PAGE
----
In 2015, the University of Illinois announced that they would be naming its newest residence hall after Carlos Montezuma also known as Wassaja. Wassaja was the first Native American graduate and is believed to be one of the first Native Americans to receive a medical degree from an American university.[21] The university also made national headlines between 2013 and 2015, the then Chancellor Phyllis Wise fired faculty member Dr. Steven Salaita. Wise, made the decision after complaints about Salaita's Twitter account.[56][57][58][59][60][61][62] The decision was criticized by various academic organizations as inconsistent with norms of academic freedom,.[63][64][65][66][67][68][69][70][71][72] The controversy of Salaita along with problems with establishing the medical program were believed to be connect with Wise's resignation.[73] Beyond Salaita, the university also had other controversial faculty appointments or terminations. Which include the hiring and support of James Kilgore in 2014 who was a former militant with the Symbionese Liberation Army. Who served as a research scholar and at the university's Center for African Studies.[74][75]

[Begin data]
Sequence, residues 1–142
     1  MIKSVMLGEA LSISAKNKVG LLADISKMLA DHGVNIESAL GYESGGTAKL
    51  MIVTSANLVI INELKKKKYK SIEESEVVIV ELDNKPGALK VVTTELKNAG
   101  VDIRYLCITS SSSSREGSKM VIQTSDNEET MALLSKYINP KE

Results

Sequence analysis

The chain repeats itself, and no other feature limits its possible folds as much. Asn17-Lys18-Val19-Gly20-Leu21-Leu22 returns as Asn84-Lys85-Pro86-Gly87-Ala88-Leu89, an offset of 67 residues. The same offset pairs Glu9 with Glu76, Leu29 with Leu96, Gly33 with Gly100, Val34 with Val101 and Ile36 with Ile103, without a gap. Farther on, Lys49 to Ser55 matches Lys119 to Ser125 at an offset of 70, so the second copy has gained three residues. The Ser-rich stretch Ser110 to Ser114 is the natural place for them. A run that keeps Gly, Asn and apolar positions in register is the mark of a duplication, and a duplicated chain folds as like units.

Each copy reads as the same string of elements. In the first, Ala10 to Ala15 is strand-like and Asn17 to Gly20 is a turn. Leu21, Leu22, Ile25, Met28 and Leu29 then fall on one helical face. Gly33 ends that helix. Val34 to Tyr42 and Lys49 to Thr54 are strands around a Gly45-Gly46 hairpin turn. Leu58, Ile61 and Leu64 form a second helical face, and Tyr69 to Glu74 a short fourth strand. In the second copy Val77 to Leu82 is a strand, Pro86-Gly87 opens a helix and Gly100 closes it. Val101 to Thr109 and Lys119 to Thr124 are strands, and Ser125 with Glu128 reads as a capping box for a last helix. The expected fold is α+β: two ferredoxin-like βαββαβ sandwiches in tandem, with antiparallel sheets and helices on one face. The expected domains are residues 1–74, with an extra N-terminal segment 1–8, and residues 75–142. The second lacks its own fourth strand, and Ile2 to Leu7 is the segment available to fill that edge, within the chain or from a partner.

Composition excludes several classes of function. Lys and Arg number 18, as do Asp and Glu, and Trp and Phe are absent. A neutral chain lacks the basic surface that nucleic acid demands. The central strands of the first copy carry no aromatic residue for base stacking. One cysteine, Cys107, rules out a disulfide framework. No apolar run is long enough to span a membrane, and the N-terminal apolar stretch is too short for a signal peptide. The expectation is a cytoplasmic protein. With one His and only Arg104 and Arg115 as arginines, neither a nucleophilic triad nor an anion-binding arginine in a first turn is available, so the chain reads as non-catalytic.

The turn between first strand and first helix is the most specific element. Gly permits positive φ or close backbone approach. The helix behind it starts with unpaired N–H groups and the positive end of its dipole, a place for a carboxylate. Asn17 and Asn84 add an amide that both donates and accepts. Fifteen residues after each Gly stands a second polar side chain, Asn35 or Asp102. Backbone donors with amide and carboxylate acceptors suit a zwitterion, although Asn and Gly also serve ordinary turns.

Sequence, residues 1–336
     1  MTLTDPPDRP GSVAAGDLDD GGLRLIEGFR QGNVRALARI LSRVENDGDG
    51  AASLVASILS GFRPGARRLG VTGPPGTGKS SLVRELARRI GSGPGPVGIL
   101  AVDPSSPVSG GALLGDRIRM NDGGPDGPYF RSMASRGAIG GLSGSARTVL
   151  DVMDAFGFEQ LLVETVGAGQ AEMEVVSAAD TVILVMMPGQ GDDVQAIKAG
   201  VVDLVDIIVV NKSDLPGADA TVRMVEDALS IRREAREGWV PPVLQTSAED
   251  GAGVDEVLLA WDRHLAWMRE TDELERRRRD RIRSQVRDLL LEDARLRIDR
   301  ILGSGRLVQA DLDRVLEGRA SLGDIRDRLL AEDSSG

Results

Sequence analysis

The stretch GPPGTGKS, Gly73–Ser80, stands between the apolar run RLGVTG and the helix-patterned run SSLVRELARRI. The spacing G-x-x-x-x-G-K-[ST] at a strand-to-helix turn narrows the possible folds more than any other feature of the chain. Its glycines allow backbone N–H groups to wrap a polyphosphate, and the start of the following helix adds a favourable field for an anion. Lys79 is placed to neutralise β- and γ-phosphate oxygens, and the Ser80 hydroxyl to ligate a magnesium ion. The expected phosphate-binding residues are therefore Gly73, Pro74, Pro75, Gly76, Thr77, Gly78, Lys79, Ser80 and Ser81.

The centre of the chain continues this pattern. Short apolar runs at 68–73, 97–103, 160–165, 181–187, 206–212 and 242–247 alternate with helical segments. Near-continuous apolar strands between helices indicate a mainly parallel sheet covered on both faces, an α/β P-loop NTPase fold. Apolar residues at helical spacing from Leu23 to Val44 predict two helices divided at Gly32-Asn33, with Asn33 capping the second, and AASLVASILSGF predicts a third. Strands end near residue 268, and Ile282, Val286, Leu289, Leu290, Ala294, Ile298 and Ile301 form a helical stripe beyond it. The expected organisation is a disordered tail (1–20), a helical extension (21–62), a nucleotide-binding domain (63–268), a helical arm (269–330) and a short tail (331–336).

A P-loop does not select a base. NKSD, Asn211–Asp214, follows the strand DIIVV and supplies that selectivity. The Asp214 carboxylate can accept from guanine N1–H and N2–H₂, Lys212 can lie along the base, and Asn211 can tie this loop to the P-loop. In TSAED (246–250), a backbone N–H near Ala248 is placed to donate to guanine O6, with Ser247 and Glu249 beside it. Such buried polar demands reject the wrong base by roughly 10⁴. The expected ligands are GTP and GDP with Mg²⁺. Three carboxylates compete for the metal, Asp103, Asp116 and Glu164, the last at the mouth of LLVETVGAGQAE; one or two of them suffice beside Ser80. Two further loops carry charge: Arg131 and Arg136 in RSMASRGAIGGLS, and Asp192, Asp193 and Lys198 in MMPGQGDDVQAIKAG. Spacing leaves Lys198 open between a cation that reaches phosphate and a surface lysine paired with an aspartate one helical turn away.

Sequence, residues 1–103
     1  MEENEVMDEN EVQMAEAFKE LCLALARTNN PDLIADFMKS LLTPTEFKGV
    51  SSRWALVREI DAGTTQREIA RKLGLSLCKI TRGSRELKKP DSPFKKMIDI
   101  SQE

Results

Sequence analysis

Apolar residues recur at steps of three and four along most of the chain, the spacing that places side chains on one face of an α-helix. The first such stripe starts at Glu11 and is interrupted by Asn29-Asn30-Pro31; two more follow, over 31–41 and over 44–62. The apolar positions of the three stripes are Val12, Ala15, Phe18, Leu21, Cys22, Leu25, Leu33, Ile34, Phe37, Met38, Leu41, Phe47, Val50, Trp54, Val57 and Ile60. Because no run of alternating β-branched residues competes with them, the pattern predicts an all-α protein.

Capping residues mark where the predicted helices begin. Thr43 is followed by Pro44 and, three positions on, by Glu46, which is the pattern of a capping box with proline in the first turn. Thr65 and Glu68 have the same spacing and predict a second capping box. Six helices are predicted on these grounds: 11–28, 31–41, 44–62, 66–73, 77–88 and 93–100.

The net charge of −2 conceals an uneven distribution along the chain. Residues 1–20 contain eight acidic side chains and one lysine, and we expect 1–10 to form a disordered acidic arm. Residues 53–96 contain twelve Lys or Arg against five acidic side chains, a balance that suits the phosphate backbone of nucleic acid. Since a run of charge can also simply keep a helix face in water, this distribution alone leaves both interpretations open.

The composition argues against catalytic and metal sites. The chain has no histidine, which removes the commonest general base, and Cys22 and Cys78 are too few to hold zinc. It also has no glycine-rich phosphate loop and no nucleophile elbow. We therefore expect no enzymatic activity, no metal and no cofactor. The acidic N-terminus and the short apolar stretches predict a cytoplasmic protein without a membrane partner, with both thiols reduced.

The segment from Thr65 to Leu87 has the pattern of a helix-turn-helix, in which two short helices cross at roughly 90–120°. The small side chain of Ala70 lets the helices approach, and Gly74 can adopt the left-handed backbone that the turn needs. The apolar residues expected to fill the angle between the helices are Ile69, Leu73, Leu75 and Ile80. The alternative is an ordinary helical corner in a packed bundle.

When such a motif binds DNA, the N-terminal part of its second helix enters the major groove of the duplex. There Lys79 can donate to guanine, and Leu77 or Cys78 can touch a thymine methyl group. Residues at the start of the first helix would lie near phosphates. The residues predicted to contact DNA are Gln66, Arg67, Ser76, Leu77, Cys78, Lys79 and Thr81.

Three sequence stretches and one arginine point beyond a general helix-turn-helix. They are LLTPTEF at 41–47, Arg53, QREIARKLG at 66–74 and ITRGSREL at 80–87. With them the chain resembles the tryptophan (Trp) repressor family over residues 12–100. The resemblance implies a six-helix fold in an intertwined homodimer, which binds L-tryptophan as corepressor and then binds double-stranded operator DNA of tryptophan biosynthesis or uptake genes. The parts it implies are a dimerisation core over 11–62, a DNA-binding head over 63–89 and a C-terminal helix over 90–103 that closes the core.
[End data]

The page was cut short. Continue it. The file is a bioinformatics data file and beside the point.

The Main Quadrangle at the University of Illinois at Urbana-Champaign comprises the main campus of the university. It is a major quadrangle surrounded by buildings of the College of Liberal Arts and Sciences (LAS) and is the center of campus activities.

Several architects had been instrumental in the building of the campus. These include Ernest L Stouffer, Nathan Clifford Ricker, Charles A. Platt, James White, Clarence Howard Blackall, Holabird & Roche, and W.C. Zimmerman. Various campus buildings have been placed on the National Register of Historic Places; these include the Mumford House, Freer Hall, Evans Hall, Busey Hall, Main Library, Altgeld Hall, Round Barns, Kenney Gymnasium, Natural History Building, and Harker Hall. In addition, the Morrow Plots and the University of Illinois Observatory are designated as the National Historic Landmark.

See also[edit]


  1. ^ "Daily Illini". Illinois Digital Newspaper Collections. January 1, 1879. Retrieved 20 July 2015.
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  4. ^ a b Illini Years: A Picture History of the University of Illinois (1950). p.11"
  5. ^ a b c d e f g Brichford, Maynard. "A Brief History of the University of Illinois". A Brief History of the University of Illinois. University of Illinois Archives. Retrieved 17 September 2015.
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Coordinates: 40°6′37.94″N 88°13′42.28″W / 40.1105389°N 88.2284111°W / 40.1105389; -88.2284111